How to grow your business in India

Why long-term and sustainable rewards await those who take the trouble to understand India's needs

The growth of its anglophile middle class makes India a prime target for entrepreneurs and investors, but that’s only half the story – long-term and sustainable rewards await those who take the trouble to understand the country’s needs.

When Lord Mandelson addressed the third annual UK-India Business summit at the end of October, he grumbled about the failure of Europe to “get” the pace of Indian change and the implications for the global economy. With bilateral trade between the UK and India still growing (reaching £12.6bn in 2008 despite the difficult global trading conditions), it’s hard to ignore, but many smaller companies still don’t understand the scale of the opportunity that faces them.

However, if you think our shared history will gain us preferred status in India, think again. Billion dollar-plus investments from Cisco, Intel, Microsoft and IBM, and the growing number of Indian students who prefer Caltech, MIT and Penn are among the signs that India is learning to leapfrog its old partners just as it is much of their technology.

Nevertheless, historic links still matter, admits Jaideep Prabhu, Professor of Indian Business and Enterprise at the University of Cambridge. “Indian politicians love coming over here to talk about the Indian economy, because they see us as closer than the USA, both geographically and culturally.”

Models of engagement

Perhaps the first difference the new entrant should consider is the time difference. Most of the people we spoke to were physically in India, which meant they were five and a half hours ahead. “If you need to talk to a UK office, you miss half the day,” points out Sonita Dass, founder of Urban Shore, an ‘über-classy’ beauty store, which opened its Delhi premises in 2007. “I work mainly with niche UK cosmetic brands, like Philip Kingsley, but also some in the USA, and their working hours never coincide.”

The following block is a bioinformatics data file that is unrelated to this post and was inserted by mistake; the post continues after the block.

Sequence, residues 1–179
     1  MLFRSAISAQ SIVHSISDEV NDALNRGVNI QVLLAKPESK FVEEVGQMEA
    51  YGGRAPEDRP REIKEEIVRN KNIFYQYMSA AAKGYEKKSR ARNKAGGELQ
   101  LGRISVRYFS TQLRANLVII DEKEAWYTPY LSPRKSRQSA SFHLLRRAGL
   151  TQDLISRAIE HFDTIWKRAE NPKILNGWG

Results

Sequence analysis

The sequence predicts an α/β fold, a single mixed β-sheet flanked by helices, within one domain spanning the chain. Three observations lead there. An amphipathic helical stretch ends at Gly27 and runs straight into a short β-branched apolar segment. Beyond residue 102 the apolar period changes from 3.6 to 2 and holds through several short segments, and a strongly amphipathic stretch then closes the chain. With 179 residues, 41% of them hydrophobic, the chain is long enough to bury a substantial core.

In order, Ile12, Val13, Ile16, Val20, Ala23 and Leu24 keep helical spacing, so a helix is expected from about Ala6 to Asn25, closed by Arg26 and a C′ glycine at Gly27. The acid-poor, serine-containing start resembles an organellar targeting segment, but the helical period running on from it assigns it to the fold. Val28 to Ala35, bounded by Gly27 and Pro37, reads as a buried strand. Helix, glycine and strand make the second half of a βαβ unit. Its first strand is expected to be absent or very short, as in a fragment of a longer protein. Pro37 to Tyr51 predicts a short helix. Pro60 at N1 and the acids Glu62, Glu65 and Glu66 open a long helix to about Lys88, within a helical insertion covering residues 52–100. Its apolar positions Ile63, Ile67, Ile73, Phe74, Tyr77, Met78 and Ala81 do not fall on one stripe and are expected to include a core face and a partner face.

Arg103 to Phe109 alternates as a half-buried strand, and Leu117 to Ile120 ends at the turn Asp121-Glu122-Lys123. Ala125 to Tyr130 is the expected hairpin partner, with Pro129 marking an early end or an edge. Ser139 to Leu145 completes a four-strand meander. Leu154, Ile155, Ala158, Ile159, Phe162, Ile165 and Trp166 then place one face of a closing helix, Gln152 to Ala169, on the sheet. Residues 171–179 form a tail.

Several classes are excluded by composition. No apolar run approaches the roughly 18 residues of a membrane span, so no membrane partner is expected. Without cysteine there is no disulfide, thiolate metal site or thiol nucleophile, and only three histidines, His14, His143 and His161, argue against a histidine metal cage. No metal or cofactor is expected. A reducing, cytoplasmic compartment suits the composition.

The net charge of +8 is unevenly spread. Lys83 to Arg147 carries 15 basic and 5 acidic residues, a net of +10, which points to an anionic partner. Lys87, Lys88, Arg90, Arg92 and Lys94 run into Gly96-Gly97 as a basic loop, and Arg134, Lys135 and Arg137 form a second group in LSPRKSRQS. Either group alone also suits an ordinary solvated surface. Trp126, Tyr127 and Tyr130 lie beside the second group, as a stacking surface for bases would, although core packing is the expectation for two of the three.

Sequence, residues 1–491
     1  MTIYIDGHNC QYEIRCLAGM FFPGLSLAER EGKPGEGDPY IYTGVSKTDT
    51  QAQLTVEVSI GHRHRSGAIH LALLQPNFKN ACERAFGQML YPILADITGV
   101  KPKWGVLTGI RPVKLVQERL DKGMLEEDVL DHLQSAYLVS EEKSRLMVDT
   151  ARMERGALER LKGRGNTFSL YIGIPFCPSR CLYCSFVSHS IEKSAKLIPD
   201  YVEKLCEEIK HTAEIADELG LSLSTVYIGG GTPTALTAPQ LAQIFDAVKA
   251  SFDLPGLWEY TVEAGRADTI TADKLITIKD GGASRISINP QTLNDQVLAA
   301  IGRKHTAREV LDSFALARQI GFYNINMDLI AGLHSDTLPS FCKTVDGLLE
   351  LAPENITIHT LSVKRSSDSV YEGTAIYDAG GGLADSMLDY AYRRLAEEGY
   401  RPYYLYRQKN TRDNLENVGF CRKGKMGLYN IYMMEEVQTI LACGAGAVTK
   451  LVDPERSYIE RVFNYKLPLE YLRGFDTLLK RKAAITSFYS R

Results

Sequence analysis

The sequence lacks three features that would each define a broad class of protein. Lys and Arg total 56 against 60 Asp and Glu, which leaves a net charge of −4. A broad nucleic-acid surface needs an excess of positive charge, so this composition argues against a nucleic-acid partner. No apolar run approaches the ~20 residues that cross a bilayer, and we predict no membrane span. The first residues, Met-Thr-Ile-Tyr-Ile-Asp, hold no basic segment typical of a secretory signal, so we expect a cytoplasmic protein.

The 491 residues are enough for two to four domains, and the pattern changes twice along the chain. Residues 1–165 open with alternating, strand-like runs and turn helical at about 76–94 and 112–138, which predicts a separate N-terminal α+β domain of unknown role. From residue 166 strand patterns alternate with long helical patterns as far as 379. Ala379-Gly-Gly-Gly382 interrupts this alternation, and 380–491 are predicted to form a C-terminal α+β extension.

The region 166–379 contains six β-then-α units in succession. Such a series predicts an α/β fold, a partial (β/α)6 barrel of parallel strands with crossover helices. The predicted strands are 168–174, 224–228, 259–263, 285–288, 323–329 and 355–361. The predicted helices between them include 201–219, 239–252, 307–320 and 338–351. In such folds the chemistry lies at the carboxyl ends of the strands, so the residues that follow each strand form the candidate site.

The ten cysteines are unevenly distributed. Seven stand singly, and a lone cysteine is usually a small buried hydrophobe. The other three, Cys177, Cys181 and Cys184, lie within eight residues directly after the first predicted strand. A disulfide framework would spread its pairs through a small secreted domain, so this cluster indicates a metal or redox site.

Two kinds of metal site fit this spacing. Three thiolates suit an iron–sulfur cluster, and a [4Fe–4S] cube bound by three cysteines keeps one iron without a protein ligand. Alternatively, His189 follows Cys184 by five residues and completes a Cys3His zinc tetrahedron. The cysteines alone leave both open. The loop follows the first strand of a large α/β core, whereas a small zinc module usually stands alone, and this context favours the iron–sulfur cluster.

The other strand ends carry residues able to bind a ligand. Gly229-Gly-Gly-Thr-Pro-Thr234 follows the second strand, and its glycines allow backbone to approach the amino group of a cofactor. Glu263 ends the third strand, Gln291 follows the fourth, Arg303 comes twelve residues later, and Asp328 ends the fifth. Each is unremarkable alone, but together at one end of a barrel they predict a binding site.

This means working in a very modern way, with little distinction between office hours and leisure time, and always having your Blackberry and laptop at your side. You have to stay a step ahead with the latest technology to compensate for deficiencies in local infrastructure, says Dass.

India’s Planning Commission says the country needs to invest $500bn on this creaking infrastructure that threatens to depress economic growth by 2%. This may not all happen by the original target of 2012, but roads, ports, power production and school building all represent fantastic opportunities for UK companies, such as marine consulting engineers Beckett Rankine. In 2008, the firm set up a subsidiary in India after joining a UK Trade and Industry (UKTI) sponsored Ports and Terminals Group trade mission. Projects include port expansion for coal handling, and developing jetties to accommodate roll-on/roll-off ferries, dry bulk carriers and the like.

Beckett Rankine found the process long-winded and time consuming, but well worth the effort. Who you know is the key to progress, according to director Gordon Rankine. “A lot of things happen a little differently to how they do in the UK, by people knowing someone and them knowing someone else,” he says. “A lot of phone calls are made, and we find out who the right kind of person is, not only with the skills that we need, but also the character. And obviously you need people who are trustworthy and you can get on with.”

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Involvement with UKTI and the UK-India Business Council (UKIBC), which promotes bilateral trade, business and investment opportunities between the two countries, lends gravitas and helps forge the first crucial contacts, Rankine adds. His plan is to develop the Mumbai office until it’s the equivalent of the London office. He then wants to establish absolute linkage and transfer of data and skills between both offices, so they can work together on projects worldwide.

India’s IT infrastructure is also being improved by technology developed by another British company, CambridgeMatrix, founded in 2002 by Graham McKoen and Rend Shakir. “Wireless hot spots have been widely implemented, but are disparate, unconnected, and largely indoors,” explains Shakir. “Now we have established a 17km2 wireless mesh network in Mumbai, where it’s possible to hop between hot spots without having to log-in repeatedly.” This is the second Indian implementation, following a successful trial in Gujarat in 2007. Shakir says it will revolutionise business communications.

Be flexible

Urban Shore, Beckett Rankine and CambridgeMatrix are all operating successfully in India, but it wasn’t simply a case of cloning their UK operations. “Because your business model works in the UK, it doesn’t follow that it will work in India,” Dass warns. “Do your research, but don’t go there with a rigid business plan – be flexible.”